Editor’s Note: Today is national Mix It Up at Lunch Day. This is one of several stories about how schools across the country used Mix to shake up cliques and erase social boundaries.
The sixth-graders at Roxboro Middle School tumbled through the doors and into the lunchroom, looking around for places at the tables. The security officer didn’t need a bullhorn; his voice carried.
“Make sure you get your lunch before you sit down,” he said. “Make sure to get your lunch.” With trays in hand, the youngsters headed for their seats. Instead of sitting next to old friends, they went to the table for their birth month.
And that’s how Jeida Mills and Benjamin Richardson came to sit together. Once the youngsters were settled, they answered questions designed to break the ice: What’s your favorite song? What is the one thing you couldn’t give up? What’s your favorite candy?
The pair said they kind of knew each other from choir class, but had never really talked. On “Mix It Up at Lunch Day,” they discovered one trait they shared: Christmas is their favorite holiday. By the end of lunch–just 21 minutes–they were friends.
“He’s pretty nice,” Jeida said.
And the pair gave thumbs up to Mix It Up at Lunch Day.
“It’s cool because it’s a chance to meet new people,” Jeida said.
“It’s a good thing,” Benjamin said. “We made new friends and learned about each other.”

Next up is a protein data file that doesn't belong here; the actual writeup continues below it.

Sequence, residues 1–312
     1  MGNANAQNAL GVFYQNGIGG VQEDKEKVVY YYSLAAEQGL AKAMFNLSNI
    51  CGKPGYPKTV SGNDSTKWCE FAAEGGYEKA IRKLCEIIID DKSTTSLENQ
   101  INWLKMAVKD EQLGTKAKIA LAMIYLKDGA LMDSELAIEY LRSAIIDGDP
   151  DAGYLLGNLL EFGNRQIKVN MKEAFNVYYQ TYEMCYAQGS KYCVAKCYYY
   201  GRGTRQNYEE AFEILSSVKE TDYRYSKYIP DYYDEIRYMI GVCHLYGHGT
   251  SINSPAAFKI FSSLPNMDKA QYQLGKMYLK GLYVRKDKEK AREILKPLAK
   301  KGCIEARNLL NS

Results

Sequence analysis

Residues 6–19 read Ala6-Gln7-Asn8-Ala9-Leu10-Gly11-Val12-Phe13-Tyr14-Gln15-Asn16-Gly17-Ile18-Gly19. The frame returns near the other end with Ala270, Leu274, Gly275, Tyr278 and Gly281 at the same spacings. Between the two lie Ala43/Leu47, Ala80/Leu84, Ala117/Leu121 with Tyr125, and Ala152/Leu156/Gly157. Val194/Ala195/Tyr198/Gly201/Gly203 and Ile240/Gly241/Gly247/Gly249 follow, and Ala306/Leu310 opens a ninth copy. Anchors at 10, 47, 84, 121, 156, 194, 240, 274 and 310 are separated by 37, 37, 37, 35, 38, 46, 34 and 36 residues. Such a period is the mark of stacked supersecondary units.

Roxboro Middle School, which is just outside of Cleveland, has 522 students in grades 6-8. All of them had a chance to participate in Mix It Up, said school principal Patrick McNichols.
This year was the first time Roxboro had taken part in Mix It Up since McNichols arrived a year ago. The event falls right in line with the school’s four principles for student behavior: being tolerant, teachable, talented and tenacious.
“You have to teach what you expect in order to get it,” McNichols said. “We want students to understand what it means to be a member of the community.”
The emphasis is an antidote to a “kid culture” that McNichols believes can veer toward inappropriate speech and behavior. The problem, though, is that kids are imitating what they see and hear.
“In their music and on television, it’s not always the most positive message,” he said. “They’ve got to think that this is the way they should act at all times. It’s about being a good citizen.”
As McNichols spoke, laughter and chatter filled the room.
“What’s your favorite candy? Reese’s, Crunch Bars, Snickers!"
Meanwhile the lunch period was winding down.
“Sixth graders, you have five minutes—that’s five minutes,” the security guard warned.
Sara Tatnall went into action. She was born in August, but she was hovering over the January table. The sixth-grader barely allowed students to swallow pizza before she fired off her questions.
“What’s your favorite holiday?”
The answers came back in a flash: “Christmas! Christmas! Christmas!”
Sixth-grade teacher Kim Kolecki said she was surprised and pleased with the students’ enthusiasm. They were already asking if Mix It Up would be repeated next year. And they were already making suggestions about improvements.
Tops on the list: Forget lunch period. Do Mix It Up in class, when there’s more time to talk.
Scruggs is a freelance writer in South Euclid, Ohio.